The death of the newspaper industry in “a year or two”

Couple more nice pieces about the collapse of newspapers via the Backstage list:

Massive layoffs with no end in sight. Wave after wave of acquisitions and mergers fueled by the excesses of artificially cheap capital. Widespread fear that an entire industry and its contributions will stall or simply stop. This describes the news industry today, but it also described the high tech industry in the late eighties and early nineties. Read more…
There should have been a ten-year evolutionary process: the ecosystem steadily diversifying and establishing its complex relationships, the new business models evolving, the papers slowly transferring from print to digital, along with the advertisers. Instead, the financial meltdown – and some related over-leveraging by the newspaper companies themselves – has taken what should have been a decade-long process and crammed it down into a year or two. That is bad news for two reasons. First because it is going to inflict a lot of stress on people inside the industry who do great things, and who provide an important social good with their work. But it’s also bad news because it’s going to distract us from the long-term view; we’re going to spend so much time trying to figure out how to keep the old model on life support that we won’t be able to help invent a new model that actually might work better for everyone. Read more…

On the backstage list, the BBC has been proposed as a model for paying journalist’s wages, but it has been noted that there isn’t any other news organisation at the same scale anywhere else, ever. But I think there might be when the other large beehive organisations collapse in the depression, and popular support for the stomping jackboot evil emerges.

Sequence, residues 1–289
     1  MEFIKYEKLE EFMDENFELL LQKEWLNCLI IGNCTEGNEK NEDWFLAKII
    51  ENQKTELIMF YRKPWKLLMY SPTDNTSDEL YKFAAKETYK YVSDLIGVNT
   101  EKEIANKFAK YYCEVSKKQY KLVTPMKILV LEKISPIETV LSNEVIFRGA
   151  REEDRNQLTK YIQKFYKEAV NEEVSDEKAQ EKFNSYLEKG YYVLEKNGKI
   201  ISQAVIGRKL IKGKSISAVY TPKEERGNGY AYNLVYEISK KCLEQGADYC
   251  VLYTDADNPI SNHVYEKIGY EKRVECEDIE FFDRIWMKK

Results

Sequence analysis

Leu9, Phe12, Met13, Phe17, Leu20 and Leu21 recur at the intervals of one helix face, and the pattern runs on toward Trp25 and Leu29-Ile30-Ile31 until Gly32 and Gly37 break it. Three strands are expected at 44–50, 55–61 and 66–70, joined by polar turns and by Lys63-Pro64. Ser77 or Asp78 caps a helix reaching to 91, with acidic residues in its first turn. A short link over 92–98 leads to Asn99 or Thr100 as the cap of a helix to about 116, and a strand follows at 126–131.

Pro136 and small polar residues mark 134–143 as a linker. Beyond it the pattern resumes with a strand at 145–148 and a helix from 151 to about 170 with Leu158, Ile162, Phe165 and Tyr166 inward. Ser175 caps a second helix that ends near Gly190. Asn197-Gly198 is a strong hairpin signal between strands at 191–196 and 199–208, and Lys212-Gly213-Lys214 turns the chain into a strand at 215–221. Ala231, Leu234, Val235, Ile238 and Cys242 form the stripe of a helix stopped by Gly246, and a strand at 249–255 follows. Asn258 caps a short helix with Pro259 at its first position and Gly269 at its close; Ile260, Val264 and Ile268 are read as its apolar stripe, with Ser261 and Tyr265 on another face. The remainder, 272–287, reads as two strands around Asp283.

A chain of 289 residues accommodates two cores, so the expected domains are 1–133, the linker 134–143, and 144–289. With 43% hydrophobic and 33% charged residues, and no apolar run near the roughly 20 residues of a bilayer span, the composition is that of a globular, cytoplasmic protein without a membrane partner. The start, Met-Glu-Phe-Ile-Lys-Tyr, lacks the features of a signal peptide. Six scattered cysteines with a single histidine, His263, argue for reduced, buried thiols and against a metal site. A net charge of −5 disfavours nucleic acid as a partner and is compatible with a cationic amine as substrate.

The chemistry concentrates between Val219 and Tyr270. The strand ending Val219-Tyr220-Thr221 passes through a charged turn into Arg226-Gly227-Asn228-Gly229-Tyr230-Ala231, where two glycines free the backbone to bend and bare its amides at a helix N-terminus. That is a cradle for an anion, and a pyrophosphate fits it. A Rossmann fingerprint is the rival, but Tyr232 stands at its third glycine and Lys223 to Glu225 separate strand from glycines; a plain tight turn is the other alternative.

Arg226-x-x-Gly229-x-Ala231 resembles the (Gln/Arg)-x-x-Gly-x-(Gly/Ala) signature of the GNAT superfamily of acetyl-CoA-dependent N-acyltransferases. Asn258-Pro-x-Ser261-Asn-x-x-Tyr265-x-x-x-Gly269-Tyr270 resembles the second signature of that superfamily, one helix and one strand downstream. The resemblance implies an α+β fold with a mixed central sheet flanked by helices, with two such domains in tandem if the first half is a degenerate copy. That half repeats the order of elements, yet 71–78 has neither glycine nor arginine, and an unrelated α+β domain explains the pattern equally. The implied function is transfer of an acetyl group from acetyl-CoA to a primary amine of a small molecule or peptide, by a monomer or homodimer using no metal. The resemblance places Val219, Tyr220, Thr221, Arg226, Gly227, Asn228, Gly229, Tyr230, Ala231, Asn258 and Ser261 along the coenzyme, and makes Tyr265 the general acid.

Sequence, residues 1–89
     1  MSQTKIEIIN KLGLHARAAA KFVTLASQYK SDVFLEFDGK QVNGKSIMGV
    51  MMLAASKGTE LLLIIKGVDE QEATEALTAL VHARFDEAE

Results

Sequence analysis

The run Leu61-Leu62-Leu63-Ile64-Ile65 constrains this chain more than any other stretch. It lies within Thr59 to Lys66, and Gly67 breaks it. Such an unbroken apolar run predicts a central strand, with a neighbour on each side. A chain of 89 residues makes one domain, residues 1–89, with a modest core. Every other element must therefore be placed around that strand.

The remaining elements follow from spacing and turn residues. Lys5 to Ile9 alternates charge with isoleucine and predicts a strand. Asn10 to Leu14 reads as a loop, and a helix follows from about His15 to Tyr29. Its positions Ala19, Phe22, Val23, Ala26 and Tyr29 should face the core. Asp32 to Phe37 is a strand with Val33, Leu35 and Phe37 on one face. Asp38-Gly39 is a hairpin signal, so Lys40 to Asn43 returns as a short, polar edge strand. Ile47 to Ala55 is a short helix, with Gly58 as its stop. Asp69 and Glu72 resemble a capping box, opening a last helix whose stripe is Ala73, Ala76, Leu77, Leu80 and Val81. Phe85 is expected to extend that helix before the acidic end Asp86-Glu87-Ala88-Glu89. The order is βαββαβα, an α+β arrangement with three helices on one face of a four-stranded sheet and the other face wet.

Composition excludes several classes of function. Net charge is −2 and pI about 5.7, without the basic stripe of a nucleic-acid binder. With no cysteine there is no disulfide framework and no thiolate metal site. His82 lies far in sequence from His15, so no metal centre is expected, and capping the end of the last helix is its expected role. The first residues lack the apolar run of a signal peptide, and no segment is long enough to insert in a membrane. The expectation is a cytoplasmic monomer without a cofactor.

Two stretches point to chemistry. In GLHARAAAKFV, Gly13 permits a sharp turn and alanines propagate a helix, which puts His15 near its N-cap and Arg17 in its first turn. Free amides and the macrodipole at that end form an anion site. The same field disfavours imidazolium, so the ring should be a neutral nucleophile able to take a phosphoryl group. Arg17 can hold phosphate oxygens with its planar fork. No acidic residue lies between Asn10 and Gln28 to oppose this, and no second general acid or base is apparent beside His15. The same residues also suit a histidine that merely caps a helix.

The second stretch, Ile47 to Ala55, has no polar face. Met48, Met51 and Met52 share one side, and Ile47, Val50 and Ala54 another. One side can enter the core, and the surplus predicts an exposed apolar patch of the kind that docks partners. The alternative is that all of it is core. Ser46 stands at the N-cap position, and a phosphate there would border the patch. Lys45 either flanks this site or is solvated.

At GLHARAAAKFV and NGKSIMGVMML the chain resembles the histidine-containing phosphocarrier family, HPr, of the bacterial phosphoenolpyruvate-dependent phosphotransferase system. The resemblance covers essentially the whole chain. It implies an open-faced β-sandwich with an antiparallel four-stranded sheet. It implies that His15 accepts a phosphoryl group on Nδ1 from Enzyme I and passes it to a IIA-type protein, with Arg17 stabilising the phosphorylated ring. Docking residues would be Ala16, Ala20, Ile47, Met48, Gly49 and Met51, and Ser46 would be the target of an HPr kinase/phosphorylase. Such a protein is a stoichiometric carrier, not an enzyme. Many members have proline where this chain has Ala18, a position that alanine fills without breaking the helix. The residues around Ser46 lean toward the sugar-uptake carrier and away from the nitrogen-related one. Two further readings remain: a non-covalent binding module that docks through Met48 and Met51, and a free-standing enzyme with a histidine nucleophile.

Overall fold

Anyway, to me, the solution for individuals looking to do journalism is, they get another job to keep the bills paid, learn how internet marketing really works (which ought not to be too hard for those already expert at writing), continue to do journalism about what they love, and work hard at being worth it.

They’ll have to accept that everyone else will call them a “blogger” “podcaster” or “video podcaster” or something else that fails to see past the media form to the actual activity, and will fail to pay the social dividend of “I work at Acme Media Corp.”

Plenty won’t like that social adjustment, and I expect they will also be the ones who have been recycling press releases instead of doing real investigation, and heaping scorn on their colleagues who were trying to keep up with the Internet. Like lawyers who got into law because they wanted to get rich, instead of believing in the rights of man, I won’t be sad to see them work another job and without continuing to do their “journalism.”

There have been plenty of professional bloggers during the last few years, and some were not lone individuals but small groups. Of all the ones I’ve paid for, my favourite was Gruber, who offered for money a full-text RSS feed with a T shirt. My hope is that we’ll get more stuff like MediaLens but outwards facing (who are also not traditionally funded, but who are indeed funded.)

My hope with the change is that we’ll get an answer to the questions MediaLens raise about the integrity of the profession.

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The The death of the newspaper industry in “a year or two” by David Crossland, except the quotations and unless otherwise expressly stated, is licensed under a Creative Commons Attribution-Share Alike 3.0 Unported License.

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